Say Yes to the Borrowed Dress: Would you rent your wedding gown?
Many brides will recognise the familiar feeling of spotting their dream wedding dress online or in a magazine and then having their heart broken when they find out how expensive it is.
For many women, the perfect wedding implies the perfect, fairytale dress. Some see their dress as a family heirloom to be passed down through generations, but in recent years, modern brides have been turning to a more affordable option - renting the dress for your big day.
Renting a gown both checks the “something borrowed” box and makes luxury fashion accessible to women who are unable or unwilling to pay the full price.
Last month, the popular dress hire store Covet, located in Dublin’s Powerscourt Centre, launched its bridal suite, offering everything from delicate veils to statement baubles and, of course, the show-stopping dress itself.
While buying a wedding dress can easily run into thousands of euro, you can rent one for a fraction of the cost. Some of the dresses at Covet have a retail price of up to €4,500, but can be rented for as little as €175 for three days, which includes dry-cleaning upon return.
Covet carries a treasure trove of bridal fashions, including dresses by Rachel Gilbert, Jenny Packham, Monique Lhuillier and Badgley Mischka. Sizes currently range from 6-16, and they provide temporary alterations to ensure a perfect fit.
They have also created their own collection which is available to rent or buy, and offer a bespoke design service for headpieces and gowns.
Aleana O’Shea runs their new bridal suite, and has been working in bridal fashion for five years.
Before coming to Covet, she spent two years in New York as an assistant designer for bridal favourite Carolina Herrera, the high-end label known for creating breath-taking gowns for the likes of Olivia Palermo, Renee Zellweger and Christina Hendricks.
“We decided to open the new bridal suite in reaction to brides coming in and just renting our regular stock,” Aleana explains.
“They were coming in looking for their something blue and borrowed, and looking for something a little bit more bridal. Our reaction was that it was just a no-brainer, let’s do it. It’s been going really well.”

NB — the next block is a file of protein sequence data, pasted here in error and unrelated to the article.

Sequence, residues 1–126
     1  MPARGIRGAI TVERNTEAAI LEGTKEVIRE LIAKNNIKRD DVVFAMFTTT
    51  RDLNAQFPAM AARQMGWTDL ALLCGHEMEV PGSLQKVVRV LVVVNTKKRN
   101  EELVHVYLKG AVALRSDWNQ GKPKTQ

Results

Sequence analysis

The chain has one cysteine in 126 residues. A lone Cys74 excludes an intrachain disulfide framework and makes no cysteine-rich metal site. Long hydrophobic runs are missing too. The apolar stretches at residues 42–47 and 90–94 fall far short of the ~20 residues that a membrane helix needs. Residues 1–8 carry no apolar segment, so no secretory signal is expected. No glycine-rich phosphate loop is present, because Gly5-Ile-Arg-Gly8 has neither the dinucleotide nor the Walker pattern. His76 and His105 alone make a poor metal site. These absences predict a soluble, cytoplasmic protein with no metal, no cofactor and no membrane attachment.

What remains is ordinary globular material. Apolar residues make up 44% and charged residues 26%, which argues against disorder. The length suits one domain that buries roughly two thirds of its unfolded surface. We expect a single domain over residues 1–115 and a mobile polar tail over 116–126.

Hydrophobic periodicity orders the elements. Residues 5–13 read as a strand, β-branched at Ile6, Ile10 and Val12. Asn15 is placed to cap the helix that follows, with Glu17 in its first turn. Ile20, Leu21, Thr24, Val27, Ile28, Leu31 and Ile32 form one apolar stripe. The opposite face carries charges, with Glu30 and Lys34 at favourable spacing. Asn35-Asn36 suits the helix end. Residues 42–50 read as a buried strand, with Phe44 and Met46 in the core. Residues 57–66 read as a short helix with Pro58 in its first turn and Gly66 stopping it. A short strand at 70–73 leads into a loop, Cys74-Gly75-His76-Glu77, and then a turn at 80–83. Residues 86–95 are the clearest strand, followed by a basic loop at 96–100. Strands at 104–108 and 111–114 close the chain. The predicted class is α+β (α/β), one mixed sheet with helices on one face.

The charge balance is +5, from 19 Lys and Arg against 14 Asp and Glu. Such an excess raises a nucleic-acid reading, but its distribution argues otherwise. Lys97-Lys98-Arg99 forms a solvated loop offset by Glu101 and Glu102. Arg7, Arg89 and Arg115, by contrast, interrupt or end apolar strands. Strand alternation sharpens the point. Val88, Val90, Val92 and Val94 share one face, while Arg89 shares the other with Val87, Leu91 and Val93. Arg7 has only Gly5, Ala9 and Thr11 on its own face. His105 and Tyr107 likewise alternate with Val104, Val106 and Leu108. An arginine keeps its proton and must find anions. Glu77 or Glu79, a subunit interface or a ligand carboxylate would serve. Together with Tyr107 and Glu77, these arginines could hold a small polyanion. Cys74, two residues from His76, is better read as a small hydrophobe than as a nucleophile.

They see a handful of brides dropping in during the week, and weekends are by appointment-only. She notes that Saturdays are always fully
“At the moment, we have brides right up until December of next year who have committed to a dress,” says Aleana.
“There are so many that come in and say, ‘I don’t want to spend a fortune, I don’t want to wake up the day after my wedding and have the fear of how much I’ve spent on a wedding dress.’ So they see something beautiful for €295 and go with that.”
The collection is not just limited to thrifty young couples either.
“We have brides of all ages. We definitely have the mature bride who is not trying to look like she’s 20 coming down the aisle.
“There have been people in for their second wedding and they’re looking for more of a gown (than a traditional wedding dress). They’ll generally avoid the ivories, so we’ll get them into something gold or blue.
“Then there are first-time brides who have decided to get married later in life and they want to have more of a ceremony, so she’ll go for a short number with a pillbox hat and a bit of birdcage covering her face.”
A visit to Covet’s bridal suite is like stepping into the glamorous dressing room of an Old Hollywood icon, filled with gowns of delicate lace, ornate beading, silks, chiffon and sequins.
“The style here is definitely a more pared-back version of bridal, there’s nothing overly embellished, and they’re generally a little more funky. It’s not all ivories – we’ve pulled out everything: blues, silvers, golds.”
The most popular silhouettes include the silk bias cut in the Covet Collection (a 1920s style similar to Keira Knightley’s famous green dress in Atonement), an embroidered lace Tadashi number with silk-tulle overlays in lavender and pale pink, or the heavily beaded Art Deco-style gowns by hugely in-demand designer Rachel Gilbert.
Actresses commonly rent or borrow designer gowns for the red carpet, but some women still bristle at the thought of renting a wedding dress.
Although some brides would rather not admit to renting a gown, Aleana says it’s becoming so popular that there’s no shame in it anymore.
Many modern brides now see renting as a sensible choice – you will only ever wear it once, and it gives you the chance to get the gown of your dreams without the designer price tag.
“Often the brides are so comfortable with it and they’ll think, ‘No way am I spending that much money on a gown when I can rent it.’ They’d be more ashamed to say they’d spent a great deal of money on their dress!”
If you’re still keen to hold on to a dress for sentimental value, renting for your bridesmaids is another cost-effective option. A number of dress hire shops around the country offer a selection of gowns ideal for small bridal parties - or unconventional brides - including Cari’s Closet (with stores in Dublin, Belfast and Cork, cariscloset.ie) and Frock N Fabulous (frocknfabulous.ie).
There are also options for expectant mums, as Style Mama (stylemama.ie) has a range of maternity occasion wear suitable for bridesmaids.
If you’re not looking for a keepsake for your big day, renting could save you money and spare you the effort of storing and preserving a gown that will probably languish in the back of your wardrobe till death do you part.
After all, you’re marrying your partner, not your dress.